The Future of FBML
Facebook says that existing tabs built using FBML will continue to function and administrators can continue to edit them. However, in "Introducing iframe Tabs for Pages," a post on Facebook's Developer Blog, program manager Cat Lee stated that Facebook will be deprecating FBML altogether at some point, though no definite date has been determined, apparently. There are "no plans to fully deprecate/stop support before the end of year," says Lee. Nevertheless, Facebook is encouraging the use of iframe technology sooner rather than later.
What does this mean for the use of FBML? First all, there is no need to panic. If what Lee says holds true, FBML on existing pages is safe for the moment. Here are some recommendations:
Stock up on some extra installations of staticFBML for your existing pages prior the March 11 deadline, as doing so will enable you to create new tabs afterwards.
Learn how to develop custom tabs using iframes. The use of iframe technology is not beyond the reach of the layperson. One web development company, HyperArts, is creating a series of tutorials on the use of iframes.
If you don't want learn iframes, there are many third-party Facebook page creation and management tools available. Here are five of the most popular:
Tabsite. We use Tabsite to manage the Welcome tab on the Practical Ecommerce Facebook Page. The cost runs between $5 and $15 per month, depending on the feature set chosen. It is a basic WYSIWYG editor, but makes the job of tab page management much easier.
ShortStack. ShortStack offers several widgets, including video embed, polls, gifting, contact forms and email newsletter functionality. The cost starts at $5 per month and rises based on the number of Fans. The company indicates they have already made the necessary preparations for the switch to iFrames.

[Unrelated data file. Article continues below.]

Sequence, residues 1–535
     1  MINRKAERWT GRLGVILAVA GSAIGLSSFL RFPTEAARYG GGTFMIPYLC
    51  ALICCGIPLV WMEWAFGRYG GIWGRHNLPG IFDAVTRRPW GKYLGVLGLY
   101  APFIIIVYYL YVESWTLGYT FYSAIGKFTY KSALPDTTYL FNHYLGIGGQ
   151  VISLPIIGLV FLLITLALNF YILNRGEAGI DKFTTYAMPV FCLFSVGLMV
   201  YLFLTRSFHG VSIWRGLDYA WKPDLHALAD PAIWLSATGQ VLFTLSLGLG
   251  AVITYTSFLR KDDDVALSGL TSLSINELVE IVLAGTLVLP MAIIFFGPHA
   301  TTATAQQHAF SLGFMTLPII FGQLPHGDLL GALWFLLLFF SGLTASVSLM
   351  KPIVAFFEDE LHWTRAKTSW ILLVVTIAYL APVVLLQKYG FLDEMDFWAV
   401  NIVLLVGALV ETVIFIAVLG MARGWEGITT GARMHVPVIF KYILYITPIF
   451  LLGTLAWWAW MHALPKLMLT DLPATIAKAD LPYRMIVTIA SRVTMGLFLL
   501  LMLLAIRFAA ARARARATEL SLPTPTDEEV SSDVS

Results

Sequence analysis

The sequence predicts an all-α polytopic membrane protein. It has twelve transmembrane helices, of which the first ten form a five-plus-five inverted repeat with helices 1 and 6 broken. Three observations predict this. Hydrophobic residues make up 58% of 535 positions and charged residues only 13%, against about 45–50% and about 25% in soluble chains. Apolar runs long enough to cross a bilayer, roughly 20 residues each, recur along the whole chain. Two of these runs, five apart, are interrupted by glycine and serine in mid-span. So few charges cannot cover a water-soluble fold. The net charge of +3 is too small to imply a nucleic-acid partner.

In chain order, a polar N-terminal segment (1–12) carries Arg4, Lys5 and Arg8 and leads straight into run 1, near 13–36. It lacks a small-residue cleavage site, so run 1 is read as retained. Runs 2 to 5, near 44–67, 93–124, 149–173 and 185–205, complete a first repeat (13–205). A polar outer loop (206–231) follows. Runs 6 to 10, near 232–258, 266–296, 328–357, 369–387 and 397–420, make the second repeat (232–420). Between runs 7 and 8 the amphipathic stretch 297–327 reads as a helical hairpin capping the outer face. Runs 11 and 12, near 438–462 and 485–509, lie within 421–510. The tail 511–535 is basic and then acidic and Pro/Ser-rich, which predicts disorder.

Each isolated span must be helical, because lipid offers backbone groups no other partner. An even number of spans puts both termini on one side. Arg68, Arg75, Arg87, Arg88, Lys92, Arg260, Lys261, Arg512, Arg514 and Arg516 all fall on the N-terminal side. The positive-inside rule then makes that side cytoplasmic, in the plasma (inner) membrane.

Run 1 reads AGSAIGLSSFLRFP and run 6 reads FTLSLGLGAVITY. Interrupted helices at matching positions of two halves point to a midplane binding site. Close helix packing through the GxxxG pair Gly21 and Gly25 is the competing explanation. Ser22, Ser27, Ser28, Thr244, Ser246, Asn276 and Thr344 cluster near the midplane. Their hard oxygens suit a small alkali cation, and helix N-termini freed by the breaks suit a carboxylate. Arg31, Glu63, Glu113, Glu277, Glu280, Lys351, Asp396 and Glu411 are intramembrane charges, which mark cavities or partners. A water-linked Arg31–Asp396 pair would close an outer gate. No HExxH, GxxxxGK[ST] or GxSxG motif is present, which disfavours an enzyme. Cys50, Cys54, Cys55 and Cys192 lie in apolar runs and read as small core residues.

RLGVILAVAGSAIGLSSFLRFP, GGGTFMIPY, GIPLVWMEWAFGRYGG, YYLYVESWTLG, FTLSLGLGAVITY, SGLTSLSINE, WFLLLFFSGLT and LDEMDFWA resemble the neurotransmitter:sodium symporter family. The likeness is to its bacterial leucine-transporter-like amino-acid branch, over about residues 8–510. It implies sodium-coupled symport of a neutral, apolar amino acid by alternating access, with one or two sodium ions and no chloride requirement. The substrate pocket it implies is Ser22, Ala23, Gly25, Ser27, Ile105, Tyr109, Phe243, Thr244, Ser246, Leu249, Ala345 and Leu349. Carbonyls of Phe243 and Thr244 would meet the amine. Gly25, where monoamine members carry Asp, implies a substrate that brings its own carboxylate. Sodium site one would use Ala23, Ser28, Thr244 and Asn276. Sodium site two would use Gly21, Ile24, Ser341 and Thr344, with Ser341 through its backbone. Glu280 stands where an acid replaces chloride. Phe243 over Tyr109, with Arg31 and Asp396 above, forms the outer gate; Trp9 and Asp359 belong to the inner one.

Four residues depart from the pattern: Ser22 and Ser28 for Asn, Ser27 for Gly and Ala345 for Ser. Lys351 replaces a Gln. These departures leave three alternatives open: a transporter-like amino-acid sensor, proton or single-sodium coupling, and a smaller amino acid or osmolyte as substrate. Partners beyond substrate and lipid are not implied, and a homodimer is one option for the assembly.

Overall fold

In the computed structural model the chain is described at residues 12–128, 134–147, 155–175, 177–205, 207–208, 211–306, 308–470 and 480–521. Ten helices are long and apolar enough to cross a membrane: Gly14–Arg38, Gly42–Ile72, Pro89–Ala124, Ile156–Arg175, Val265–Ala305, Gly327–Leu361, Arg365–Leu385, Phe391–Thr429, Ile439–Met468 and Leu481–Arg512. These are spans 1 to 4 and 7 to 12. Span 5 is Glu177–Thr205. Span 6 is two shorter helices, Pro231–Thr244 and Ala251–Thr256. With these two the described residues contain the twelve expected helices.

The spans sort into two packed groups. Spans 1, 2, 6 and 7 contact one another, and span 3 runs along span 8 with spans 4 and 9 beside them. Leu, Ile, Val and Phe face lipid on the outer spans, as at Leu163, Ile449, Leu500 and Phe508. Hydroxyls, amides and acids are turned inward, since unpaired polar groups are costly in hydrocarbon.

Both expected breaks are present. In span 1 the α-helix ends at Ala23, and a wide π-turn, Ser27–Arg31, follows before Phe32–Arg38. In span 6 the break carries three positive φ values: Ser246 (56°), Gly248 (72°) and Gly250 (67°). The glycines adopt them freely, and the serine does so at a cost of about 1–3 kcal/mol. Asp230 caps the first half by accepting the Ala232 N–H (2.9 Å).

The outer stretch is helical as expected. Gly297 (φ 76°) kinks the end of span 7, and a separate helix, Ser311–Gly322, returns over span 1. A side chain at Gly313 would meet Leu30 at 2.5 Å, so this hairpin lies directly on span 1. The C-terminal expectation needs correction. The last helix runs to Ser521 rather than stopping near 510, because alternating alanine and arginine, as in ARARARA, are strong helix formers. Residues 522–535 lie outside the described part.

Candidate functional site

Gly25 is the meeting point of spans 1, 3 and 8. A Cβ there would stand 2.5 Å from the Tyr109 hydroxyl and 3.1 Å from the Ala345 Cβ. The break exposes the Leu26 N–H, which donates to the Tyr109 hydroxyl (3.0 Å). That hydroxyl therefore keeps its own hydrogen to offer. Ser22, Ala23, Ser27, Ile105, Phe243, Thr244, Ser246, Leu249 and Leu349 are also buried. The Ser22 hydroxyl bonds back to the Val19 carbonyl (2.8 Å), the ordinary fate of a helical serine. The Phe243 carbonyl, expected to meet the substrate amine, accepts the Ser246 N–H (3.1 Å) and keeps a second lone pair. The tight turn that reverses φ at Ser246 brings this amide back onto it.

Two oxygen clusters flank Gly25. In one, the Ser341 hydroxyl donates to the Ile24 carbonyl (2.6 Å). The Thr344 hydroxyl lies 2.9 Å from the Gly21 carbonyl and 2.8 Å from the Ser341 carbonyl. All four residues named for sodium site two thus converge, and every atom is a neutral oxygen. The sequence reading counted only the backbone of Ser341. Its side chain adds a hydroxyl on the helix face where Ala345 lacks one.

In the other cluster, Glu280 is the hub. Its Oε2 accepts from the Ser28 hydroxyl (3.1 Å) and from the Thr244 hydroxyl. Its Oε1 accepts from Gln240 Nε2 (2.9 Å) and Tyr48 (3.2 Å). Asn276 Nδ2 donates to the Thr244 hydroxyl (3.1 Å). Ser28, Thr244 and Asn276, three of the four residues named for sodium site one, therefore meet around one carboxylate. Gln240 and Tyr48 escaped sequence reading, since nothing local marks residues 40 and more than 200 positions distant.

SplashTab. This app relies heavily on the use of templates for page creation. Prices start at about $7 per month. One drawback is that users have to pay additional subscription fees for each tab they create, so it can get expensive. According to Tyler Carneal, SplashTab's owner, the company is considering a revision of the pricing model in order to be more affordable for small business.
Pagemodo. Pagemodo calls itself as a free app. However, it charges users if more than the basic features are required. Prices range from $9 to $59 per month.
Fan Page Engine. Fan Page Engine offers templates for a one-time price of either $37 or $67, depending on the number of templates users wish to purchase.
Due to the shift from FBML to iframes, I believe we will see the proliferation of third-party tools such as these, as not everyone will want to learn the intricacies of the new iframe technology.
Facebook's announcement about the shift from FBML to iframes raised a collective groan among Fan page owners. However, the use of iframes holds great promise both in terms of the types of interactivity that can now be introduced, as well as the capability for deeper integration between the merchant's website and Facebook page. Though there is no immediate pressure to make the shift, administrators should at least begin contemplating it.